The Forward on Climate LA Solidarity March and Rally took place on February 17th, 2013, where more than 1,200 people supported by 101 Southern California organizations and businesses told Mr. Obama: “Solve the Climate Crisis, Take a stand, Mr. President!” Following is a media resource list from the event, including press, photography and videos. Let’s keep it moving forward to heal the climate and our planet!
Forward on Climate LA
February 17, 2013
Los Angeles Media Resource List
Speakers/Performers, Video, TV Coverage, Photography, Articles, Radio
Jessica Aldridge is an artist, educator, and environmentalist living in Los Angeles. Her creativity and work are both based in nature. She strives to express the uniqueness, amplify the voice, and protect the beauty of the world around us. She is the Executive Director of Burbank Green Alliance and can be reached at Jessica(at)burbankgreenalliance(dot)org.
WilderUtopia.com regularly invites professionals, activists, and inspired individuals to publish opinion-editorials that illuminate the challenges to coexistence between city and wild, developed and developing, human and other. If you have a relevant piece to share, let us know at Jack [dot] Eidt [at] WilderUtopia [dot] com.
The Kumeyaay of southern and Baja California have a rich history of coexistence on the border of California and Mexico in the mountainous region of San Diego County. Here we republish Florence Shipek's treatise on the preservation of their sacred mountain called Kuuchamaa, also known as Cuchuma, as well as several videos on their culture, history and stories.
Rising from the East Anglian shadows of Benjamin Britten, William Alwyn's prolific compositions and pioneering film scores from the 1940s-50s set him apart in 20th Century classical music. Stephen Vessels curates the discussion.
Do today’s elite lack the patience and culture for classical music? Or is it a matter of cultural dominance of the popular, the fame producing, and capital revenue streams which have sacrificed painstaking complex creation? John Halle opines.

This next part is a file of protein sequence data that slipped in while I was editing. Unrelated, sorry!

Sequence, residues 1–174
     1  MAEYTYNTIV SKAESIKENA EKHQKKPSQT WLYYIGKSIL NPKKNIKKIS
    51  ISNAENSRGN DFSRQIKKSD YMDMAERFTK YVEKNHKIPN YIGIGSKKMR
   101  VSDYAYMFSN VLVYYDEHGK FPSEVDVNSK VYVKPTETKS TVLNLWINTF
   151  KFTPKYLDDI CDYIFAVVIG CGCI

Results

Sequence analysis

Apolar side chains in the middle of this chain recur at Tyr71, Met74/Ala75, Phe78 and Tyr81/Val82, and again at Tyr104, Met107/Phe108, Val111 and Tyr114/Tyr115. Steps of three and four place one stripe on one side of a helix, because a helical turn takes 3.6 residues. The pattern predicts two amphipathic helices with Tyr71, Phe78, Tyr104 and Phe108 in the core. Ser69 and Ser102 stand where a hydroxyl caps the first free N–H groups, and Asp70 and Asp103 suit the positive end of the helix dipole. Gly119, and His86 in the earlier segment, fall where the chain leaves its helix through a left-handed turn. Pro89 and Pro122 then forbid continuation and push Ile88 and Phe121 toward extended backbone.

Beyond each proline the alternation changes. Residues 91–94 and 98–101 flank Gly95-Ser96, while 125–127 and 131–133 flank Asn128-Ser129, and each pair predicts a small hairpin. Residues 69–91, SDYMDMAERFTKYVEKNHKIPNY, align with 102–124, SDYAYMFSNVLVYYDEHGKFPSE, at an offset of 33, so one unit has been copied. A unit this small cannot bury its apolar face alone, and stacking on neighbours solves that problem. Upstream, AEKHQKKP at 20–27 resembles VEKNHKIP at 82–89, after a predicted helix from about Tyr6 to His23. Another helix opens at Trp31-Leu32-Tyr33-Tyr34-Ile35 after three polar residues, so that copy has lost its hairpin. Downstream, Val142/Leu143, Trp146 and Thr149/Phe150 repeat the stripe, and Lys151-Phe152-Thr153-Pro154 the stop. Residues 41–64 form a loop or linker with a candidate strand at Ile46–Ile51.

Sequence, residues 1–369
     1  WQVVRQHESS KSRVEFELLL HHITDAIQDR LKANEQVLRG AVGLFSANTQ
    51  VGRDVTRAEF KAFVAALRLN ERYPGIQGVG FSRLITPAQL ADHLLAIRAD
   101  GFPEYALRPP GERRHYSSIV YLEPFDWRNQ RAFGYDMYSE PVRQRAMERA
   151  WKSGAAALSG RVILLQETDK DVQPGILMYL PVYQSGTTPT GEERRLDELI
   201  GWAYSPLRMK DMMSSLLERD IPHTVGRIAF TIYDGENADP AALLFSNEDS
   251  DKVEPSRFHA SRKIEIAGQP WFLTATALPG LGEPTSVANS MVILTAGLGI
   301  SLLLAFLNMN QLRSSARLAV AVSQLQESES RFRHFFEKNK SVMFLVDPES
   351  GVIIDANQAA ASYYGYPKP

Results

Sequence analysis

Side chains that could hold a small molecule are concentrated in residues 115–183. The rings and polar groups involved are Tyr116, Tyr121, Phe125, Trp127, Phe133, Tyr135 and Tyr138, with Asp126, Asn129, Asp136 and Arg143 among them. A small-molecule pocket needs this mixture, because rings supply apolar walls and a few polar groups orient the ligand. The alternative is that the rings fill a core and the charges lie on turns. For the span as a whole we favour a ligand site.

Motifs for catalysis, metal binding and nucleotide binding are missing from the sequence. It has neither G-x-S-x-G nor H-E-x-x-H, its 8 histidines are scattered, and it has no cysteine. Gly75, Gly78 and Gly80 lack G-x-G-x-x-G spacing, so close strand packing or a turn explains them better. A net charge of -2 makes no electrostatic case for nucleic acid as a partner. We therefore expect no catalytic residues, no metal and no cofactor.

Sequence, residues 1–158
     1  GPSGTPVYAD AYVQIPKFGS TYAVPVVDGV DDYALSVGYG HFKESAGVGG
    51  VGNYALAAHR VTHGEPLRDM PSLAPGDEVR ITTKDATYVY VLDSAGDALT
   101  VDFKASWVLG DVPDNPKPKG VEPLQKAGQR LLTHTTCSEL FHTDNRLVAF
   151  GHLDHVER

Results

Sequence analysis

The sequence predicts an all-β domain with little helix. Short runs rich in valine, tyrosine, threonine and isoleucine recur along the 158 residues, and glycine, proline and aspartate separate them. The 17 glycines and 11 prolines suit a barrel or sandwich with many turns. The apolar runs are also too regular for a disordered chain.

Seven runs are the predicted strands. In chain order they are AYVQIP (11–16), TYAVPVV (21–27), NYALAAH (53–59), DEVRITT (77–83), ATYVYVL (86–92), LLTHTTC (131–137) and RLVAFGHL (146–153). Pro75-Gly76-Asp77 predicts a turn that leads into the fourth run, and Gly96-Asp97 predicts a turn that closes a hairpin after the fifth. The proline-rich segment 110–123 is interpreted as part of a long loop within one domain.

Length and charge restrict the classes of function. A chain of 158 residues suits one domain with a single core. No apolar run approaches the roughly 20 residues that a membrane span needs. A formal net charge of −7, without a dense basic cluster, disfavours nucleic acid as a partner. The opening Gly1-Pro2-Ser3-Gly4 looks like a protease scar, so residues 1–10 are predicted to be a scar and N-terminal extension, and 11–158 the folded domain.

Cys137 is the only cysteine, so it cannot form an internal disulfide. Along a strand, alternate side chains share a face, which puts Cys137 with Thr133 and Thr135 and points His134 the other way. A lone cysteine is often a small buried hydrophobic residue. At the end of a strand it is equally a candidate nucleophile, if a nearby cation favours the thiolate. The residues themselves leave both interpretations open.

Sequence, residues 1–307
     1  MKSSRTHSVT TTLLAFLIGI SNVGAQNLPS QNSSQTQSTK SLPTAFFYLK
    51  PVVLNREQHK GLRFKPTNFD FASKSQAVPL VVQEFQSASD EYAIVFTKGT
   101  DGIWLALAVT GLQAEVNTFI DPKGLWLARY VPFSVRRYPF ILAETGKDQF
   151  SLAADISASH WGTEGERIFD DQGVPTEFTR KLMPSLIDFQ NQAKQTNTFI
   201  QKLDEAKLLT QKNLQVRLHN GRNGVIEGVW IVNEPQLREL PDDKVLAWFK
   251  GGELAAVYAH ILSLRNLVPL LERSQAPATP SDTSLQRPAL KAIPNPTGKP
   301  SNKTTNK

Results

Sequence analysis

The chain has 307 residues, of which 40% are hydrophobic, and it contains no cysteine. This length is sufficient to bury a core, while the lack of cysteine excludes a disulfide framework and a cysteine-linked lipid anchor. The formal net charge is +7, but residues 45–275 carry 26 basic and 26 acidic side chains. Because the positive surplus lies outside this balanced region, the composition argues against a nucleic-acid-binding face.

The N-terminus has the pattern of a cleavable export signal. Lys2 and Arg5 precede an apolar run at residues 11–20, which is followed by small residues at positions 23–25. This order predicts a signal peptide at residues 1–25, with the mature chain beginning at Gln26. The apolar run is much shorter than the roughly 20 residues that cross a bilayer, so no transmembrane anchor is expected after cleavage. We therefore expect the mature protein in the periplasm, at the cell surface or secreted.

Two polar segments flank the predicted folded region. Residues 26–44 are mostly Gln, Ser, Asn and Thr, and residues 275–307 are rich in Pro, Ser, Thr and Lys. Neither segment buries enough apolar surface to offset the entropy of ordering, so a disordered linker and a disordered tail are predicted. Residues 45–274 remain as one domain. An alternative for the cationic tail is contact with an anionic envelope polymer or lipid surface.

On July 11, Los Angeles joined communities across North America to call for a halt to shipping volatile and toxic crude oil via unsafe rail cars, which has caused numerous derailment explosions during the last six years as the practice has increased 4,000%. In particular, activists call for the City of L.A. to protect their communities and $1.3 billion river revitalization by opposing a crude by rail expansion in San Luis Obispo.
Harry Partch, leader of the Geo-Fauvist (wild-earth) composers, and 20th Century pioneer in working systematically with microtonal scales, also built custom-made instruments in these tunings on which to play his compositions. Watch the documentary The Outsider, The Story of Harry Partch.
"City planning has been way too pragmatic for a long time." So says Danish-Icelandic artist Olafur Eliasson, who creates artistic environments that break down the industrial expanse of cities with faux-natural elements, hot sun, waterfalls, rivers, and take over the senses of their spectators.
Frederick Douglass escaped slavery in 1838 and became one of the most powerful and eloquent orators of the abolitionist movement. Listen to his 1852 Independence Day talk, organized by the Rochester Ladies’ Anti-Slavery Sewing Society and performed by James Earl Jones.
A documentary investigates the threat from volatile and toxic crude oil bomb trains now rolling through neighborhoods across North America. After five fiery accidents in the first five months of 2015, one can only ask: "Whose community will explode next?"
The time for action against oil trains is now! On Saturday, July 11, SoCal 350 Climate Action and its regional partners rallied at L.A.'s Union Station and held a teach-in in front of Olvera Street, calling for an end to bringing exploding bomb trains loaded with tar sands and other volatile crude oils into our communities.
Jack Eidt of WilderUtopia spoke on the dangerous race for global control by the Chinese through mega-development projects such as the Gran Canal of Nicaragua and the Trans-Amazonian Railway, both with major human rights, ecological, and indigenous sovereignty consequences.